Brain Bar: Where Dangerous Ideas are Welcome
On May 30 and 31, the Corvinus Campus in Budapest will host the annual Brain Bar, celebrated by internationally respected American hi-tech bible Wired as an event where “dangerous ideas” are welcome.
This year’s dangerous ideas include whether we’re getting addicted to information, if we have any reason to be optimistic in these times of turmoil and whether philosophy can save business.
The people behind Brain Bar call themselves “The world’s first Futuretainment company”. Futuretainment is apparently a “new media concept uniting elements from education, focusing on the future.”
Brain Bar is big on the future. It sees itself as a global partner for those who shape the future, uniting young innovators, students, educators and big business in one place where they can learn from each other. The event gathers “the most interesting ideas from different fields and brings them together.”
Speakers this year include the currently controversial Canadian clinical psychologist Jordan Peterson, described as a “life-changing professor of psychology” and Sherin Khankan, the first female imam in Scandinavia. On the face of it, the worldviews of Khankan and Peterson are poles apart so it’s definitely an achievement to have these two at the same event.
Not as controversial but no less intriguing, other speakers include Sára Fábián, founder of Amigos for Children, the non-profit dedicated to preventing child abuse; Lajos Antal, Hungarian master of cyber-security; and bohemian soul diva Antonia Vai.
Crime writer, writing coach and journalist Adam LeBor (see “Talking Roma Cops and High Level Intrigue With Adam LeBor” on page 22 in this issue of Budapest Business Journal) is also speaking. He told me, “As so much of the world clamps down on free speech, Brain Bar is an ever more important arena for the exchange of ideas. I’m very pleased to be part of it.”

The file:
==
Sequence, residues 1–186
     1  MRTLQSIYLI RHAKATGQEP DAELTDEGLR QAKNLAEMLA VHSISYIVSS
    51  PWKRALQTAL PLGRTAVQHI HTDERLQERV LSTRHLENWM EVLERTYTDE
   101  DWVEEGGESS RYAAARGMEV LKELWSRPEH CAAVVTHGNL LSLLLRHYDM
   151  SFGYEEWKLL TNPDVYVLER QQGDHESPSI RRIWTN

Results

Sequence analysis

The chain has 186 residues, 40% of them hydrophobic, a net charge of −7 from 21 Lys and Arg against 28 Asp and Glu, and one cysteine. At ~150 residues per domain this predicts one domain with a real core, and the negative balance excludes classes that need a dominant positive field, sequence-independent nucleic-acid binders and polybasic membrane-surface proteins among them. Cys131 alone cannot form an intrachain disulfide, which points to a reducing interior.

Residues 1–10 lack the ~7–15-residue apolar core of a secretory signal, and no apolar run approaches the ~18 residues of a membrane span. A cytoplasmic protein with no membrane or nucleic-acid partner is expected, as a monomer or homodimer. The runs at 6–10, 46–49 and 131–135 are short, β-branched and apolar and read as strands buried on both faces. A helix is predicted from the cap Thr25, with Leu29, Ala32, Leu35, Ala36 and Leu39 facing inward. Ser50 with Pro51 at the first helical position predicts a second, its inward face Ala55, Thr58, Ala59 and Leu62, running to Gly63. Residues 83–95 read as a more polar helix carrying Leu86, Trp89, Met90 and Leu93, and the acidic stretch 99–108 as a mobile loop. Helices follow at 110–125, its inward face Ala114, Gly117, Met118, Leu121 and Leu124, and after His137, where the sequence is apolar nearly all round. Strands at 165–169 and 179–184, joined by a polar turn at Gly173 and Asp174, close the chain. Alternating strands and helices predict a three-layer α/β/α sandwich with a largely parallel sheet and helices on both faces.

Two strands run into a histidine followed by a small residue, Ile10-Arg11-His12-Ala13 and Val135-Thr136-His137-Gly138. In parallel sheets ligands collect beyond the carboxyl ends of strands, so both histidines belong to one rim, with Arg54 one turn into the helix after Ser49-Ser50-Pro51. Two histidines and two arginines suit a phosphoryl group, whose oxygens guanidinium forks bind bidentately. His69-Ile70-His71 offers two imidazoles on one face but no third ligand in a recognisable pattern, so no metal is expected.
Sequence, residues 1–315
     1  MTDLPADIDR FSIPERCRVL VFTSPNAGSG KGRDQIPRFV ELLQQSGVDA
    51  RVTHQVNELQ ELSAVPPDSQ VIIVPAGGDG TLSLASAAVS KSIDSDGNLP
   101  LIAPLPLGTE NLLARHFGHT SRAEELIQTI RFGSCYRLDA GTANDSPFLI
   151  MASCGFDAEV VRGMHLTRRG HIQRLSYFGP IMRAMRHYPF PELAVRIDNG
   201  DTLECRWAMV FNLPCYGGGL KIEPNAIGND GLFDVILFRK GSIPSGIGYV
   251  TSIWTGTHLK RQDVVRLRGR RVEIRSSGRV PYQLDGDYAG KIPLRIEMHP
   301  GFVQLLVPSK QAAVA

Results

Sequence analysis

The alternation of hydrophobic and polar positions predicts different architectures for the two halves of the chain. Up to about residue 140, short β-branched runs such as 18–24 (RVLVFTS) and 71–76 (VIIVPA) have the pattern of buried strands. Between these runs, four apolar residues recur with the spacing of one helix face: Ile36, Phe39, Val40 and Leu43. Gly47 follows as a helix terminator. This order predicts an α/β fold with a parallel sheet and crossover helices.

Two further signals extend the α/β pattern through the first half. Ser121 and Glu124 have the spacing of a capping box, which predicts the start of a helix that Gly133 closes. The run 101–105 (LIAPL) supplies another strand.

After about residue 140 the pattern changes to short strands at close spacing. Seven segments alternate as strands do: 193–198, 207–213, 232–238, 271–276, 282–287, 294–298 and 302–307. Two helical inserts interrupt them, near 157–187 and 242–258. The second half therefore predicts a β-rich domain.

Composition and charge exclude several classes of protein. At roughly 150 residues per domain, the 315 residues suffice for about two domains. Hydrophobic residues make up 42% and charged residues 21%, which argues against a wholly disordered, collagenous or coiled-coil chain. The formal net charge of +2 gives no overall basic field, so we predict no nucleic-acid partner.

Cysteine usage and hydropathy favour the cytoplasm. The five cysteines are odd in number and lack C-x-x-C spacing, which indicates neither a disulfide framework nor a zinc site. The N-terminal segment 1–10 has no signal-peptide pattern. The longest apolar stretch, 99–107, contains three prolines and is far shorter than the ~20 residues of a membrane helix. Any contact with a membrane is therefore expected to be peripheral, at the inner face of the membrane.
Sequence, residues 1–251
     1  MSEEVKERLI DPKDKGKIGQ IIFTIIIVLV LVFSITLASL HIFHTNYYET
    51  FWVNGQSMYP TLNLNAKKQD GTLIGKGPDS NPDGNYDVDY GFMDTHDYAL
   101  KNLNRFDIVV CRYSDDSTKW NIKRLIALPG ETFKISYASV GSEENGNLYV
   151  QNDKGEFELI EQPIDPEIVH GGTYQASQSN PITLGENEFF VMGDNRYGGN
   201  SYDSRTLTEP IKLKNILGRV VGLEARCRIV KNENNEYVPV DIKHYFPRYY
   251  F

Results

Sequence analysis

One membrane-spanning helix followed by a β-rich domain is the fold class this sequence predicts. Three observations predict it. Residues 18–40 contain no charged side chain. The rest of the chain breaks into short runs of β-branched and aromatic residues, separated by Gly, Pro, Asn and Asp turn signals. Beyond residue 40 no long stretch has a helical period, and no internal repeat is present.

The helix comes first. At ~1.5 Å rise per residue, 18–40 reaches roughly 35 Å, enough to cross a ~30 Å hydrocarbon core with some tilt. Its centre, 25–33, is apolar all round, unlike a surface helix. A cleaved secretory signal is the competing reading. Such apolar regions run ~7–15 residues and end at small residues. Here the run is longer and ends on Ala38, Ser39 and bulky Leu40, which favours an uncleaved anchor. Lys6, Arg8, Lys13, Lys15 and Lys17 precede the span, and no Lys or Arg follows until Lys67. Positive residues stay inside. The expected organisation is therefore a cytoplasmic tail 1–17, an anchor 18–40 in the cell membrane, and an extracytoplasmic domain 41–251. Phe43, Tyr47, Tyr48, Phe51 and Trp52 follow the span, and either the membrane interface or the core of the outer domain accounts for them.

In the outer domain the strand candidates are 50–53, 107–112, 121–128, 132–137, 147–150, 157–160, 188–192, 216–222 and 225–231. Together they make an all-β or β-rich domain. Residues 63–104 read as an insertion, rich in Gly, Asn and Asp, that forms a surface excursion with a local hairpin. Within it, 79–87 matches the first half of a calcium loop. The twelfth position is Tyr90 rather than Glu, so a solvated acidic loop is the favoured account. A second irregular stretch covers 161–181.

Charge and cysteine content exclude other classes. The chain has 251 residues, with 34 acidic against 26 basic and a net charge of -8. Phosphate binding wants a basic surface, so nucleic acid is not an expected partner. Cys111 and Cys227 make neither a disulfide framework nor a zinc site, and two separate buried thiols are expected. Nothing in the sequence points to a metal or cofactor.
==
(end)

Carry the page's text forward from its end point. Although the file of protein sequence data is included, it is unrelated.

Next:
More than Friends?
Sophia the Robot is also appearing and will reveal whether she would sacrifice herself for a human and whether we could be more than friends.
Brands involved with Brain Bar include Google, BMW, KPMG, BlackRock, Bosch, T-Mobile, Red Bull and Vodafone. According to the organizers, the idea is to connect brands to creative people and hope the connection will change the world.
Apart from presentations by the speakers, Brain Bar incorporates sessions that are designed to be audience-centric and encourage healthy dissent. Since the Brain Bar literature states that, in previous years, the youngest visitor was four years old and the oldest was 71, this should be interesting.
Mythburn invites Brain Bar masterminds to debunk myths and send them up in flames. Battle of Minds is billed as “a frantic battle over the edgiest and most controversial issues of the future”, intended to encourage audience members to step outside their comfort zones.
The Turning Point and Future Jobs sessions are probably the most important for young Hungarians. Turning Point offers audience members who were chosen from 60-second videos two minutes on stage to grill and challenge a mastermind. Future Jobs is described as a “next-generation job fair and a unique employer branding event where companies offer specially selected jobs.”
Among the quotes on the Brain Bar publicity literature, is this one from Chris Hadfield, perhaps the world’s best-known living astronaut: “To think about the future and technology differently, that’s what Brain Bar does.” That’s probably enough.
Find out more and get your tickets at www.brainbar.com.
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